Indian Takeaways - Lessons on Process from an Emerging Market

Steve Towers

From a sundeck on top of one of Delhi’s tallest building, overlooking the city’s sprawling skyline, it is hard to believe that Part Two of the Global meltdown is really underway.
In the vibrant economy of India there is a sense of growth and optimism shared by last week's Process Excellence conference hosted by IQPC. An excellent first time for IQPC here in Delhi were delegates welcomed the professionalism, efficiency and terrific agenda.
The top class surroundings suited the India industry leaders sharing their latest learnings and experience with Lean Six Sigma, BPM and Outside-In. It is a world away from the stagflation of the once exuberant West as India’s brightest consider innovation, growth and transformation.
Major companies see the current crisis in the economies and approaches of the West as a major opportunity to expand their process success, whether it is through Business Process Outsourcing, the latest Lean insights or in fact the rapid take-up of customer centric thinking. And I do not mean the strangled at birth CRM Systems variety.
There is an enthusiasm for realignment those elsewhere can only look on with envy as business powers ahead with a GDP of 10.4% (2010) placing India as the world's 4th largest economy by purchasing power parity (PPP). And this growth isn’t stopping anytime soon.
Is there anything we can learn from the process-getting expansionist firms adopting breakthrough approaches? Or do the rest of us - well at least those of us outside of Brazil, Russia, China, South Africa and India - just have to hunker down and wait out the global economic storm?
Enough of the doom and gloom because there is very definitely a lot to learn. Last week saw Process Excellence Awards won by Reliance Industries, Max New York Life, Genpact & WNS. Each brought something new to the table however they were all focussed on business results. Not just faster and leaner. No, a genuine connection with company financials and shareholder value was the golden thread that connected all the Award winners.
Event delegates also turned their attention to 2012’s agenda to include hot areas of interest such as greater ‘C’ Level involvement in programmes, extending the scope of process across industrial sectors and deep diving specific success stories.
So can India lend the rest a hand in moving forward our projects and process transformations? Yes very much so as they also know everyone is connected through the global machine, and India cannot succeed in isolation. It needs the West to eventually grow again or its own progressive development will be curtailed. We are all in this together.
So what lessons can we adopt without hesitation? What initiatives should we focus on? How exactly can we help our organisations achieve sustained success?
At the close of the event we ran an exercise of Takeaways from Delhi (not the biryani type of course) and developed a hit list of learning points to consider. Mark these high on your agenda as they are in fact some of the reasons why India is booming and the process industry here is developing rapidly. Ask yourself whether these items feature in your process programmes and with the people in the frontlines. If they don’t you may wish to make sure they are embedded pretty soon.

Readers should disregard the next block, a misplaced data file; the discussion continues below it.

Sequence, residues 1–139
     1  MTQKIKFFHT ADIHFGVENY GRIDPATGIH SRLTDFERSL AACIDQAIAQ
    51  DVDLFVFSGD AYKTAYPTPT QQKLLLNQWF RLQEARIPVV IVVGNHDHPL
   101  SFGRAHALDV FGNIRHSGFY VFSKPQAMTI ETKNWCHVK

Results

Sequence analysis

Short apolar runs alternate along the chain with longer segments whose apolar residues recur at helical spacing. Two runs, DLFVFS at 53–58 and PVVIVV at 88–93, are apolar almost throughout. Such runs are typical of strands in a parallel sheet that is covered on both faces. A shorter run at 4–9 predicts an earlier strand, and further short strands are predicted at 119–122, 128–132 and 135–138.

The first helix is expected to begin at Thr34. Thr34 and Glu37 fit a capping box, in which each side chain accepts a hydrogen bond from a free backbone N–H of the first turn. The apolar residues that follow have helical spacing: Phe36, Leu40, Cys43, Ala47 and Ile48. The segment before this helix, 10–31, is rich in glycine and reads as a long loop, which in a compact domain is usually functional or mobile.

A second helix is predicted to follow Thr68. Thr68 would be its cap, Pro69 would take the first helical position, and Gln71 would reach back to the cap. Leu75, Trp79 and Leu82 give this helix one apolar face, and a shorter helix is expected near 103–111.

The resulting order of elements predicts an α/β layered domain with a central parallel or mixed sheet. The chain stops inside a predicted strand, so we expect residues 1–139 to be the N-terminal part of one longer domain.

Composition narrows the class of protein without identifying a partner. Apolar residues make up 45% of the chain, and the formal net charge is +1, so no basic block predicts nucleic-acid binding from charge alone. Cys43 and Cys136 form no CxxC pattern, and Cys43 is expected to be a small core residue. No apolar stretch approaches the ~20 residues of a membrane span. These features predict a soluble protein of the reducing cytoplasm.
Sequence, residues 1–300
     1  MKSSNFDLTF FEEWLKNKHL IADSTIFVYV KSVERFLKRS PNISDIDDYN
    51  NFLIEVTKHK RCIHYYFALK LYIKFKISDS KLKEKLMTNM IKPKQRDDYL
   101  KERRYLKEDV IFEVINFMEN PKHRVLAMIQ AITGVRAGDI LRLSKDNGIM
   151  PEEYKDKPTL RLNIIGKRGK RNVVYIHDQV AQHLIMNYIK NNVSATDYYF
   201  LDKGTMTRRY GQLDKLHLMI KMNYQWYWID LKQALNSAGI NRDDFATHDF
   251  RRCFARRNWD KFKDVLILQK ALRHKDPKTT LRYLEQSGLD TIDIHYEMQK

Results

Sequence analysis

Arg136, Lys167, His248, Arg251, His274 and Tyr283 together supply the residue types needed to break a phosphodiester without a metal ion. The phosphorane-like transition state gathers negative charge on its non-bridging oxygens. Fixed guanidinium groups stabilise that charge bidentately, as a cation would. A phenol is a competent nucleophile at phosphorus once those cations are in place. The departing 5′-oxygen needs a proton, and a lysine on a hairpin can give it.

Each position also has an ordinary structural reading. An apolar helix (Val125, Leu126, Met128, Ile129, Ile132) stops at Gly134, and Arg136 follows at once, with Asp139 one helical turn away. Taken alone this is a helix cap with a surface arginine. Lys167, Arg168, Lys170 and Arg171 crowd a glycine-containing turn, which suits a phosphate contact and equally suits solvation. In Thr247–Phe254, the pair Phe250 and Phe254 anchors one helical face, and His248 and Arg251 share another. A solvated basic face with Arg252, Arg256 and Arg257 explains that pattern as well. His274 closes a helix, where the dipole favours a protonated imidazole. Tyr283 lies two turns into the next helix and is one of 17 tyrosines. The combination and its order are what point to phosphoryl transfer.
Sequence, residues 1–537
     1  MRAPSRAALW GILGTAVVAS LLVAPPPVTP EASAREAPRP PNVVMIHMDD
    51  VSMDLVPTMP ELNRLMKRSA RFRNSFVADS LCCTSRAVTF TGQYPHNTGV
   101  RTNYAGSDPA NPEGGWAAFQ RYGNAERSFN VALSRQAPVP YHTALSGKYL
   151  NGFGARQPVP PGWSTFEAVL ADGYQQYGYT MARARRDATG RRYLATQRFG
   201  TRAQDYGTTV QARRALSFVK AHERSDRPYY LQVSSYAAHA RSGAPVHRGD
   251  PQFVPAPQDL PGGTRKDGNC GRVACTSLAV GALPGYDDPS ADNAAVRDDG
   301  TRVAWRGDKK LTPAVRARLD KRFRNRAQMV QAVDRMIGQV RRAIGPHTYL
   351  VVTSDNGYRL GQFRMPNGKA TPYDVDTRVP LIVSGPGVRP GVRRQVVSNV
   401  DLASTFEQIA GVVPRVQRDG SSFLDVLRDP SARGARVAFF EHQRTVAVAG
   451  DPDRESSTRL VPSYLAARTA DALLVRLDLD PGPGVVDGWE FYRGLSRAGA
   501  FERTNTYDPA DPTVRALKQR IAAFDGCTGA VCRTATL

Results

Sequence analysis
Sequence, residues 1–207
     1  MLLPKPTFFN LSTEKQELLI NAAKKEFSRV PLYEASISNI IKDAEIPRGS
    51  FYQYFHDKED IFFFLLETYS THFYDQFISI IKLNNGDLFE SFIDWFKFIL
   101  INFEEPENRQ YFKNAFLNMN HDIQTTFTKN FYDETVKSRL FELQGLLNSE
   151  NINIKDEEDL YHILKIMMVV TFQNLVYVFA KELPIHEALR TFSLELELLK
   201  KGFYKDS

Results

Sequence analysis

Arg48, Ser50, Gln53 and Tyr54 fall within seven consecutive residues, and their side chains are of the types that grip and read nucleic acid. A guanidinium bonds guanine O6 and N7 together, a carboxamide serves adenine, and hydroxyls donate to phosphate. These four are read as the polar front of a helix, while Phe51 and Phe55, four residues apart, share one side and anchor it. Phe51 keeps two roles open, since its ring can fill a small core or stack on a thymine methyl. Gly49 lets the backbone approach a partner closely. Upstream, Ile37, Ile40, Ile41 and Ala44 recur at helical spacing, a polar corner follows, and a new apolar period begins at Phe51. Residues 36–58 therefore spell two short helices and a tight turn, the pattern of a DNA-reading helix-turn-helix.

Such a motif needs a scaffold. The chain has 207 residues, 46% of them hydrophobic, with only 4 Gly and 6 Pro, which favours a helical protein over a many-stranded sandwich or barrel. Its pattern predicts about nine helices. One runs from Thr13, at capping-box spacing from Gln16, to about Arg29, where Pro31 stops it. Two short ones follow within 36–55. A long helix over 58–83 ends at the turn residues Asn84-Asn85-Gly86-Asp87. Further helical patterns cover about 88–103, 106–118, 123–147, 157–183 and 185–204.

1. Understand the "Real Value" orientation
The agenda has move on from efficiency and effectiveness. It is about delivering customer expectations and successful outcomes so as to win the triple crown – lower costs, improved service and better revenues (in the long run)
2. Ensure management buy-in
Talk with the top team about business results and not just the sterile removal of ‘non value add’ and streamlining. Unless it matters on the top and bottom line you will not sustain the management interest.
3. Invest in your people
Develop the people skills and competence to deal with the new breed of customers who are promiscuous, rebellious, short tempered, fickle and know more about your products and services than you do. It is a cultural thing. Are people trained to deal with the processes that demand immediate action in our always on world, or are they moribund in procedures and scripts?
4. Bridge that business technology divide before it becomes a chasm
Engage the techies and the business in mutual discussions around innovating process and truly helping achieve customer alignment. Gone are the days of throwing over the wall the business requirements documents to the IT guys who can then do their piece. It can’t be like that anymore – the world is moving too quickly. There is a need to adopt unified approaches that harness out people skills collectively on behalf of the customer.
5. Oh yes, the customer
Where should we start with that? As Richard Branson reiterated last week "People are your biggest assets. I have always believed that the way you treat your employees is the way they will treat your customers, and that people flourish if they’re praised."
Are you praising those around or finding fault and placing blame?
Alignment to Successful Customer Outcomes depends on the people, our colleagues, feeling needed. Reward them explicitly for customer success and encourage the destruction of inward facing attitudes such as ‘the customer is not my job’. Today more so than ever the end customer has to be in everyone’s job description.
And a final point our Indian colleagues suggested is:
6. Do what works for you!
There isn’t a single one size fits all technique that will move our organisations forward and achieve process success. Move beyond your own comfort zone of favourite tools and embrace the newer ideas proven elsewhere. That way we are all part of the solution.
And in the meantime, happy process improvement and Phir Milenge (we will meet again in Hindi).